International Journal of Energy Engineering

p-ISSN: 2163-1891    e-ISSN: 2163-1905

2012;  2(3): 91-99

doi: 10.5923/j.ijee.20120203.06

Digital Simulation of the Generalized Unified Power Flow Controller System with 60-Pulse GTO-Based Voltage Source Converter

Rakhmad Syafutra Lubis

Electrical Engineering, Syiah Kuala University, Banda Aceh, Indonesia

Correspondence to: Rakhmad Syafutra Lubis , Electrical Engineering, Syiah Kuala University, Banda Aceh, Indonesia.


Copyright © 2012 Scientific & Academic Publishing. All Rights Reserved.


The Generalized Unified Power Flow Controller (GUPFC) is a Voltage Source Converter (VSC) based Flexible AC Transmission System (FACTS) controller for shunt and series compensation among the multiline transmission systems of a substation. The paper proposes a full model comprising of 60-pulse Gate Turn-Off thyristor VSC that is constructed becomes the GUPFC in digital simulation system and investigates the dynamic operation of control scheme for shunt and two series VSC for active and reactive power compensation and voltage stabilization of the electric grid network. The complete digital simulation of the shunt VSC operating as a Static Synchronous Compensator (STATCOM) controlling voltage at bus and two series VSC operating as a Static Synchronous Series Capacitor (SSSC) controlling injected voltage, while keeping injected voltage in quadrature with current within the power system is performed in the MATLAB/Simulink environment using the Power System Block set (PSB). The GUPFC, control system scheme and the electric grid network are modelled by specific electric blocks from the power system block set. The controllers for the shunt VSC and two series VSCs are presented in this paper based on the decoupled current control strategy. The performance of GUPFC scheme connected to the 500-kV grid is evaluated. The proposed GUPFC controller scheme is fully validated by digital simulation.

Keywords: 60-Pulse GTO Thyristor Model VSC, UPFC, GUPFC, Active and Reactive Compensation, Voltage Stability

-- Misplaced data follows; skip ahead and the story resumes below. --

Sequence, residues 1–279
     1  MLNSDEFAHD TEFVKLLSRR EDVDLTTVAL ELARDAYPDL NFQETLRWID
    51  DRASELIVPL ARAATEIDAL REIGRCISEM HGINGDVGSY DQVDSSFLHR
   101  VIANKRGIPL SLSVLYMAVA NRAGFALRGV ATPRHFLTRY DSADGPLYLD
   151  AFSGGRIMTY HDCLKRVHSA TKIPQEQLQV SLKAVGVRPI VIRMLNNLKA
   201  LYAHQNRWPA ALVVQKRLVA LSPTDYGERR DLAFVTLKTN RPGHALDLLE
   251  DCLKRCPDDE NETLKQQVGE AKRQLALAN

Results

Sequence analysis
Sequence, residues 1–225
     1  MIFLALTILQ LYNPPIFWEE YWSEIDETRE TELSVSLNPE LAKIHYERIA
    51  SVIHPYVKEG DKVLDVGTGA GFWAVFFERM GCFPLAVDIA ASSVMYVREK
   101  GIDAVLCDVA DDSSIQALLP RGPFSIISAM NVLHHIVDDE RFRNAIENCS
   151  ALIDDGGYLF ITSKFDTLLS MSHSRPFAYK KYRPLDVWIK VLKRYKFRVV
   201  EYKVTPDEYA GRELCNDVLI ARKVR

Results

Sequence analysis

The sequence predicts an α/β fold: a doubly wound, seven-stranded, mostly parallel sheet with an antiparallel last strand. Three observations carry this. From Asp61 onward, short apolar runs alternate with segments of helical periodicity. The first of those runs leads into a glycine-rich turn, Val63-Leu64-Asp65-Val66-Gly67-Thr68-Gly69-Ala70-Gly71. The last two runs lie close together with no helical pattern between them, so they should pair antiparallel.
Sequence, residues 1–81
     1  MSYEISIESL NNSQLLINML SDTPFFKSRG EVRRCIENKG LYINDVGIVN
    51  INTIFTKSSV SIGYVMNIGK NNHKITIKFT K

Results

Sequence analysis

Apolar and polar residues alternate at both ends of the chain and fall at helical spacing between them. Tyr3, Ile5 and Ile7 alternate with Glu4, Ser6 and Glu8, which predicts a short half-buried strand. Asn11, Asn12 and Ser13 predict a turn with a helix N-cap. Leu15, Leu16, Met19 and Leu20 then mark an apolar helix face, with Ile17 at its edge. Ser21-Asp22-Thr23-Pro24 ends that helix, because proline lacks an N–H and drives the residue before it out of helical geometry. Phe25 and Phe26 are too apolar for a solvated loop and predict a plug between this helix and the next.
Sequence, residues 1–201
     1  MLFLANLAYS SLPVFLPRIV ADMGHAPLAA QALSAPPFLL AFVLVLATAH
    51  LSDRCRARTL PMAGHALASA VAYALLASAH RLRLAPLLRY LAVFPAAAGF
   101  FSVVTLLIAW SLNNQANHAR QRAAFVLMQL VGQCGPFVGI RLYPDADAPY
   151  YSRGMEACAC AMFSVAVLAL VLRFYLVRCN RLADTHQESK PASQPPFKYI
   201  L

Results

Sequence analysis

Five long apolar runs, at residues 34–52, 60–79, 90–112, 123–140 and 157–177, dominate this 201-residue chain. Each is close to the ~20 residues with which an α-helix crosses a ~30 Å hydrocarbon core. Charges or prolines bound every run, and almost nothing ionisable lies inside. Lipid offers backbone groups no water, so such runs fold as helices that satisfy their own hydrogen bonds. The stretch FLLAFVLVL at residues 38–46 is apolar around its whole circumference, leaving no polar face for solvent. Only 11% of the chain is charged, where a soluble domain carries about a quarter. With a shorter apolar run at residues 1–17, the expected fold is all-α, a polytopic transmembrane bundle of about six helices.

1. Introduction

The availability of Gate Turn-Off (GTO) thyristor switching devices with high-power handling capability and the advancement of the other types of power-semiconductor devices such as IGBTs have been led to the development of fast controllable active and reactive power sources utilizing power electronic switching and converter technology. A general multi-converter for power system control based on voltage-sourced converter technology was presented. A special three-converter controller with a fundamental frequency model, called the GUPFC, consisting of one shunt and two series converter sharing a common DC bus was modelled in EMTP and its performance demonstrated and analysed. It is shown that the GUPFC can simultaneously control five power system quantities, namely, the real and reactive power flows on the two series compensated lines as well as the sending end bus voltage of the GUPFC[2].
The GTO thyristor enable the design of the solid-state shunt reactive compensation and active filtering equipment based upon switching converter technology. These Powers Quality Devices (PQ Devices) are power electronic converters connected in parallel or in series with transmission lines, and the operation is controlled by digital controllers. The interaction between these compensating devices and the grid network is preferably studied by digital simulation. FACTS devices are usually used for fast dynamic control of voltage, impedance, and phase angle of high-voltage ac lines. It devices provide strategic benefits for improved transmission system power flow management through better utilization of existing transmission assets, increased transmission system security and reliability as well as availability, increased dynamic and transient grid stability, and increased power quality for sensitive industries (e.g., computer chip manufacture).
The 60-pulse voltage source converter is composed with a series double bridge converter and an auxiliary circuit. The converter is established to increase the number of output voltage pulses and decrease the harmonic distortion of output voltage and current. Without PWM or increasing the number of bridges, the THD of the converter output voltage can be theoretically reduced. By adjusting the connection impedance, the output current can fulfil the THD limit. The proposed configuration only needs one injection transformer, so that phenomenon does not exist. Also, decreasing of transformer number is important for saving cost. The converter is operated under fundamental frequency for the main bridges and six-time fundamental frequency for the auxiliary circuit, while much higher frequency is needed for PWM. By DC voltage injection, the voltage across the main bridge valves, which are being turned on, is theoretically decreased to zero. Thus the converter switching loses and switching device dynamic voltage stress are reduced significantly. This characteristic is very important for high voltage application. The principle of the proposed converter is verified by PSCAD/ EMTDC package[7].